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Church bells, members to clamor for climate change

Supporters of the 350 campaign gather at the pyramids in Giza, Egypt, during
the Oct. 24 International Day of Action. Churches will ring bells 350 times on
Dec. 13 as a call to action to the United Nations Climate Change Conference.
A UMNS Photo courtesy of 350.org.

A UMNS Report
By Linda Bloom*
Nov. 24, 2009

As world leaders grapple with the issue of global warming in December, churches will be ringing their bells to remind them of the need for action.

At 3 p.m. local time on Dec. 13—about halfway through the Dec. 7-18 United Nations Climate Change Conference in Copenhagen—churches and other religious groups will sound bells, drums, gongs or other instruments 350 times to symbolize the 350 parts per million that mark what many scientists say is the safe upper limit for carbon dioxide in the atmosphere.

“We envisage a chain of chimes and prayers stretching in a time-line from the Fiji Islands in the South Pacific—where the day first begins and where the effects of climate change are already felt today—to northern Europe and across the globe,” says the World Council of Church Web site promoting the event.

In Denmark, the ringing bells will signal the end of a high profile ecumenical celebration at the Lutheran Cathedral in Copenhagen, the Church of Our Lady, which will be attended by United Methodists and members of other faith groups.

In recent weeks, it has become clear that the original expectation for the Copenhagen Summit—that 192 nations will agree to a new treaty to replace the Kyoto Protocols—will not be met. One of the barriers, according to The New York Times, was the inability of Congress to set binding targets for the reduction of greenhouse gases in the United States.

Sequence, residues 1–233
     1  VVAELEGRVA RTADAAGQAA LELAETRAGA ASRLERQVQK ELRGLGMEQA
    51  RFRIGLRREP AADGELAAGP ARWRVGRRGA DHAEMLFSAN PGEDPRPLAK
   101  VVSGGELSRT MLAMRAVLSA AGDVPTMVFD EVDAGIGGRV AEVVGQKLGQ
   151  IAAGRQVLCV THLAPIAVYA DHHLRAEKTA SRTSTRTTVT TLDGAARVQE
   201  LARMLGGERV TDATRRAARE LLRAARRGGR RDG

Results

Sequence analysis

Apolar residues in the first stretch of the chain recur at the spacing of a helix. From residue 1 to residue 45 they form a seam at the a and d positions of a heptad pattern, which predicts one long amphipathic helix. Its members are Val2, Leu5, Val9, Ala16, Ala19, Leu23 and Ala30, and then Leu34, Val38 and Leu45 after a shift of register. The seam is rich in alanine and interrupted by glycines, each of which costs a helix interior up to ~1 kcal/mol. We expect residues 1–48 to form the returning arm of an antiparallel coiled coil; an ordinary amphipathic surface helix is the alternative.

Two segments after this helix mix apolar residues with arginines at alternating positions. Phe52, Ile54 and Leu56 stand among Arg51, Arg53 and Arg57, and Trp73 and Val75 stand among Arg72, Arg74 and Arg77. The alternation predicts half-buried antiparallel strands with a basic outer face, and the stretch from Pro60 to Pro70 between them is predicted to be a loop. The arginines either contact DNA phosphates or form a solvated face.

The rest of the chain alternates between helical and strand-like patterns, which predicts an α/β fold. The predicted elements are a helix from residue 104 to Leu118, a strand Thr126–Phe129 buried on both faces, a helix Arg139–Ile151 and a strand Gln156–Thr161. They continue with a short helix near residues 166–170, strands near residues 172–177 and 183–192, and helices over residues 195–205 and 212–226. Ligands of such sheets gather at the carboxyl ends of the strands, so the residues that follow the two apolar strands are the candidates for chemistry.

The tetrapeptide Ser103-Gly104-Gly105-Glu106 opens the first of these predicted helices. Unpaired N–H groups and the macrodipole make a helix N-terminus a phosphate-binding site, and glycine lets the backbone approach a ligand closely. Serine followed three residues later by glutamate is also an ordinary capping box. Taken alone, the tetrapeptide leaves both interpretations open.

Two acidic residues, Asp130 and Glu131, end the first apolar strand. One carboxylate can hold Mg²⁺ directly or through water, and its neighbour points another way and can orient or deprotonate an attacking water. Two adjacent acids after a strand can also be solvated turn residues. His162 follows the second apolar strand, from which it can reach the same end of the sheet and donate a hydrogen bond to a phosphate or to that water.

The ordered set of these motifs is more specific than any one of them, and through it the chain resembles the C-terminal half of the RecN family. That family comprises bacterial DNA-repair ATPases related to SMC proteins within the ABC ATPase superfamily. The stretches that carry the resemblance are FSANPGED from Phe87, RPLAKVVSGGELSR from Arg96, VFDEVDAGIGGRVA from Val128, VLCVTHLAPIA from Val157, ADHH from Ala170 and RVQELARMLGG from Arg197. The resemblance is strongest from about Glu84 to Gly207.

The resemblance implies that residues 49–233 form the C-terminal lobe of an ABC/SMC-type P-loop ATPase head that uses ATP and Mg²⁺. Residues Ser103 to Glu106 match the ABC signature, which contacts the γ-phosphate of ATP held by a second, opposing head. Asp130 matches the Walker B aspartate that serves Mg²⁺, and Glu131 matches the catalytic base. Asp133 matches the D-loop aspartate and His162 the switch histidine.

‘Guarded optimism’

But John Hill, who works on public advocacy issues for the United Methodist Board of Church and Society, believes there might be an even better opportunity for the religious community to help shape the debate on global warming. “I think there is some guarded optimism that a fairly strong framework can be established at Copenhagen,” he said.

Hill will be representing Church and Society in Copenhagen, along with Liberato Bautista, who is in charge of the board’s United Nations office, and Meghan Roth, a young adult board member from Richmond, Va.

Harriett Olson, chief executive
of the Women’s Division,
United Methodist Board of Global Ministries, addresses the Nov. 5 Climate Witness
near the U.S. Capitol in Washington. A UMNS photo
by Lesley Crosson, Church World Service.

“The disappointment is that there will not be a treaty,” said Bautista. Still, he added, “I think governments are quite aware of how important a climate change agreement is.”

Tyler Edgar, who is going to Copenhagen on behalf of the National Council of Churches’ Eco-Justice Program, said the faith community is “working hard” to promote a strong U.S. position there.

“Our hope is to send a clear message that climate change is a moral issue that demands a strong and effective response—a response that ensures justice for all of God’s children and will protect God’s Creation for future generations,” she declared.

Among the other United Methodists headed to the summit are the Rev. John McCullough, executive director of Church World Service, and the Rev. Pat Watkins, a church and community worker who leads the “Green Church Initiative” of the denomination’s Virginia Annual (regional) Conference. He will be representing United Methodist Women and the Women’s Division, United Methodist Board of Global Ministries.

When God created the earth, Watkins pointed out, there were no greenhouse gas emissions, and as a Christian he wants to advocate for better care of God’s planet.